The role of the public to self-isolate is critically important to “flattening the curve,” so physicians, indeed the entire health care system, are better able to handle any increased load of those who are infected. This is causing increased anxiety in many patients already struggling financially, who may not be compensated for doing the right thing.

Our health authorities are also stepping up to meet the challenges. We are building capacity in our emergency rooms to deal with increased burdens of respiratory illness and taking inventory of our intensive care beds, oxygen, and other supportive treatment supplies. We are carrying out simulations for important procedures, and actively preparing to stop the spread of the virus in facilities. Protections and protocols for our facility-based healthcare providers are being regularly reviewed and updated as knowledge of the virus evolves. 

Community care providers have faced the reality of viral exposure with limited resources for protection to date. Typically, when frontline providers are under-resourced in an evolving global epidemic, the community is at risk. Community physicians have risen to the challenge. They are rapidly shifting modalities of patient care. Clinics are establishing telemedicine and telephone visit procedures to try and meet the needs of the community and keep patients, particularly the most vulnerable, at home. COVID-19 assessment and testing centres are quickly rolling out across Divisions of Family Practice in conjunction with the Health Authorities.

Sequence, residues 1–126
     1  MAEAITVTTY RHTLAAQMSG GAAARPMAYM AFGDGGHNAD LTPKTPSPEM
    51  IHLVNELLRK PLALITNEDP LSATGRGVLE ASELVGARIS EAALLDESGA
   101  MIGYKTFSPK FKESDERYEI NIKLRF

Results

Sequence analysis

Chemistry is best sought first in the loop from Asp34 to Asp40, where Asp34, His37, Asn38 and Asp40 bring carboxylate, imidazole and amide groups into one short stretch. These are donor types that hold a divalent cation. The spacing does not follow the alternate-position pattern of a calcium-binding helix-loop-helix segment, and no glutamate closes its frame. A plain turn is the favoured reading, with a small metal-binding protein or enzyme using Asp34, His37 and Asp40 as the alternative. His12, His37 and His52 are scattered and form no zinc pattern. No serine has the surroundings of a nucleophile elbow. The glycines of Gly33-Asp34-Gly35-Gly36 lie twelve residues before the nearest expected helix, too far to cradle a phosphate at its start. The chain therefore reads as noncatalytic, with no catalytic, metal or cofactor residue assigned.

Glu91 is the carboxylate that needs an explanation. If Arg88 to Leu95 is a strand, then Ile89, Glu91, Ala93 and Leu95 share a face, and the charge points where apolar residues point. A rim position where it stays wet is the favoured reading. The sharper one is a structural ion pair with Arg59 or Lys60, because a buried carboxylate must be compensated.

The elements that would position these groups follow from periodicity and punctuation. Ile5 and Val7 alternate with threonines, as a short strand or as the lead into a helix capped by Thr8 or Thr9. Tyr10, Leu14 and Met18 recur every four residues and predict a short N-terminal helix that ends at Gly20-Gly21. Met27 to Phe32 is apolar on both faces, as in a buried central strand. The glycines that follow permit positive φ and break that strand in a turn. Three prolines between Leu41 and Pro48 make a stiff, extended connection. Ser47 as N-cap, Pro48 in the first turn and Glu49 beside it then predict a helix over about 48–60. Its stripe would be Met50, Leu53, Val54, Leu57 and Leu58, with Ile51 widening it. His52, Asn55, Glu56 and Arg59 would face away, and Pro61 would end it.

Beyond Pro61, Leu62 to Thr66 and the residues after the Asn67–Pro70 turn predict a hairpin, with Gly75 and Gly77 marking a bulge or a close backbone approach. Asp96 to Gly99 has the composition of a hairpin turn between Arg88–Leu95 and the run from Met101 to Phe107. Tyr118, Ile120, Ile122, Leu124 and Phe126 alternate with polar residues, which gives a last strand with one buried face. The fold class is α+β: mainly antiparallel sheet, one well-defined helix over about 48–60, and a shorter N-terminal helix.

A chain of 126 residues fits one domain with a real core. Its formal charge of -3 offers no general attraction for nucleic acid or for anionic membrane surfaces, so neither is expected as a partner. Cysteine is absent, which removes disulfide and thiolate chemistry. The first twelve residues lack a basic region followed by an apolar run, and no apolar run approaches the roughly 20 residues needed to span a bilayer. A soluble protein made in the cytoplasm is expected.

Living with the fear 

Despite all this work to date, we must recognize that fear is still exists. Physicians, allied health professionals, clinic staff, and emergency room triage are all concerned in one way or another. Nobody is immune, and there’s still so much we don’t know.  

But there is much we are doing - we are sharing knowledge of our important tasks to increase redundancy, in the event that one of us becomes ill or needs to be quarantined. We worry about how we will protect and care for our own families. When all is said and done, we are –crucially- supporting each other. This is our strength as we face the long road ahead of us. Collegiality has never been more important.

I believe we can reassure our public that we will be ready to meet the challenge. Doctors of BC is working closely with all parties, Public Health and Medical Health Officers, Health Authorities, government, and regulatory bodies as the situation evolves. Gaps have been identified early on and it is now a shared healthcare provider and government responsibility to address these.  

If we continue to share responsibility and work together, we can protect our community and gradually defeat this novel respiratory illness.

- Dr Kathleen Ross